Thursday, February 3, 2011


It might be that I'm impatient, or indecisive, maybe a tad bit finicky, but I prefer to call my lack of focus, enthusiasm. My family likes to tease me for moving between projects like I'm moving down the line in a buffet, nibbling the stuffed olives, the mini skewered meatballs. And it's true that I want a taste of it all, but it’s also true that when I find something delicious I'll go back for a plateful.

Luckily, my tastes are mostly centered in the arts: painting, writing, sculpting. I guess the problem comes within those subsets. I’m a painter. It’s what I studied in school, what I get paid to do, and maybe this should be enough to satisfy the visually artistic side in me, but it’s not. My obsessions run wide. Sometimes I’m perfectly satisfied with my brush in hand. I’m lucky to have a fabulous publisher that’s always hungry for new work, but that doesn’t mean I don’t get bored. To assuage this need for something new I’ve tried mixing up the mediums. This past year I moved from painting solely on panel to painting on vintage book pages. I liked the idea of marrying my love for words with my love for painting.

And of course there was the project that I started (and have yet to complete) of the paper mache birds. For a few weeks all my passion was diverted into sculpting these papery feathered creatures. I researched paper mache recipes and wired intricate feet into their bodies so that they could stand. I've been dreaming about making these birds for quite some time; ever since I read a book in which one of the characters sculpted large birds that hung from the ceiling like mobiles. Someday soon I’ll finish my birds, but for now the muse has settled elsewhere.

For a short time last year I was obsessed with fashion design. It was right after seeing “Alice in Wonderland”. I sat through the movie too consumed with the costumes to pay attention to the plot. That week I went to the fabric store and bought a dress form and yards of brocade fabric and set about sewing a jacket. I can’t follow a pattern (or maybe I just choose not to), and not too surprisingly my jacket looked lovely on the mannequin, but not too sweet on me. The dress form has since moved down to my daughter’s room where she puts it to good use (also not following patterns) as she sews skirts and shirts and dresses late into the night.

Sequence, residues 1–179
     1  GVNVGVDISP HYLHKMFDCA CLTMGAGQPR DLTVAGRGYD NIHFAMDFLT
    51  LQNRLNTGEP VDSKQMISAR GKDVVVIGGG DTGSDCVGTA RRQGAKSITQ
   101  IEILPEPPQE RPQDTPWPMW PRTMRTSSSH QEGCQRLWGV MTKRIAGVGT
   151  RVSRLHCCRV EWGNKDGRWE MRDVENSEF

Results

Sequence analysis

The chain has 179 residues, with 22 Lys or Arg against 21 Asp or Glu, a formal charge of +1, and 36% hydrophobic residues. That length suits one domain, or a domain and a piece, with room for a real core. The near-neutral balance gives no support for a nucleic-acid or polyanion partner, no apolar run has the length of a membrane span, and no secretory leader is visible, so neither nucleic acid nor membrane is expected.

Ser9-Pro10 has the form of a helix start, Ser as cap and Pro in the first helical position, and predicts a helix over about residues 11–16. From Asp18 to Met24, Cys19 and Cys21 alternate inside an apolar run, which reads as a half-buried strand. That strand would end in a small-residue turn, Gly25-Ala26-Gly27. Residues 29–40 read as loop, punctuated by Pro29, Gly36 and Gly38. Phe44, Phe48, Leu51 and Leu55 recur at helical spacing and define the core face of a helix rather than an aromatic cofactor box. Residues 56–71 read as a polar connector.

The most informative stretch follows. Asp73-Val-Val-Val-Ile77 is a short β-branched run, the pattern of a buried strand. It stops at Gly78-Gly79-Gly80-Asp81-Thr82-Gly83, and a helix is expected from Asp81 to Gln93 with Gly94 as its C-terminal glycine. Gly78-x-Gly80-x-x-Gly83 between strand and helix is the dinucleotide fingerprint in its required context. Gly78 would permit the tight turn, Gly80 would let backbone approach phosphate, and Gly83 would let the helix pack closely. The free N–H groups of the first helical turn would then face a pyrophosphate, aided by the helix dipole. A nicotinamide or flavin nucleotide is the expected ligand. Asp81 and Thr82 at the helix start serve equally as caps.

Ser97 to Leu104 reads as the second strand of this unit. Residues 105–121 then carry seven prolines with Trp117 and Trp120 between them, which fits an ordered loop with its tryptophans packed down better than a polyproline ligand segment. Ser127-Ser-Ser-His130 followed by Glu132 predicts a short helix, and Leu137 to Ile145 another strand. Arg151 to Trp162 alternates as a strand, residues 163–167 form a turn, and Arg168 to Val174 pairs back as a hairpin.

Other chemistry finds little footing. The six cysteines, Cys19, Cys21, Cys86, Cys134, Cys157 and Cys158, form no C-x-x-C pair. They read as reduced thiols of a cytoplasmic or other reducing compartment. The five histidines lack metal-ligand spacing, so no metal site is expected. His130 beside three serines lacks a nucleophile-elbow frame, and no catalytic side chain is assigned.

Before the obsession with costume design I was convinced that I wanted to start my own line of fabric. I researched repeating patterns and fabric tradeshows. I found companies in China that could produce my designs. But I didn’t have tens of thousands of dollars to make it come to life. But the dream hasn't died. Some day I still might go back to school to study textile design.

The problem is I’d love to go back to school to study so many different things. My oldest daughter has started dreaming about going to Parsons The New School for Design in New York and I’ve started dreaming of accompanying her. The course catalogue gets me salivating: fine arts, furniture design, architecture, set design, fashion, photography, interior design, illustration (the list goes on). I want to study them ALL.
Okay, so obviously I can’t do it all and we haven’t even touched on my other obsession…writing. (Add an MFA in creative writing to that aforementioned list.) I think I wrote my first book in fourth grade. It was a middle grade novel about (believe it or not) a girl in the fourth grade. I’ve written a lot more since then and hopefully the writing gets progressively better. But just like the visual arts, I want to write it all: short stories, essays, novels, picture books, plays, screenplays. Right now I’m working on a play with my mom (who has newly become quite a good playwright). I’ve got plenty of short stories and essays in need of revising, a memoir that’s on the backburner, a middle grade novel in need of a rewrite, a YA book that I’m quite happy with and three more books that are just itching to get written.

So how can I find the time to do it all? I don’t know. I’m pretty sure that all that creativity doesn’t get spent. Instead it gets compounded, multiplied. Like gears or pistons, each of those outlets helps generate more fire for the next one. If I was only doing one thing I think I might burn out. So here’s to hoping I never do. And if I don’t find time for it all.

There’s always my next life…

1 comment:

  1. you are so much fun, I love hearing about all your artistic adventures!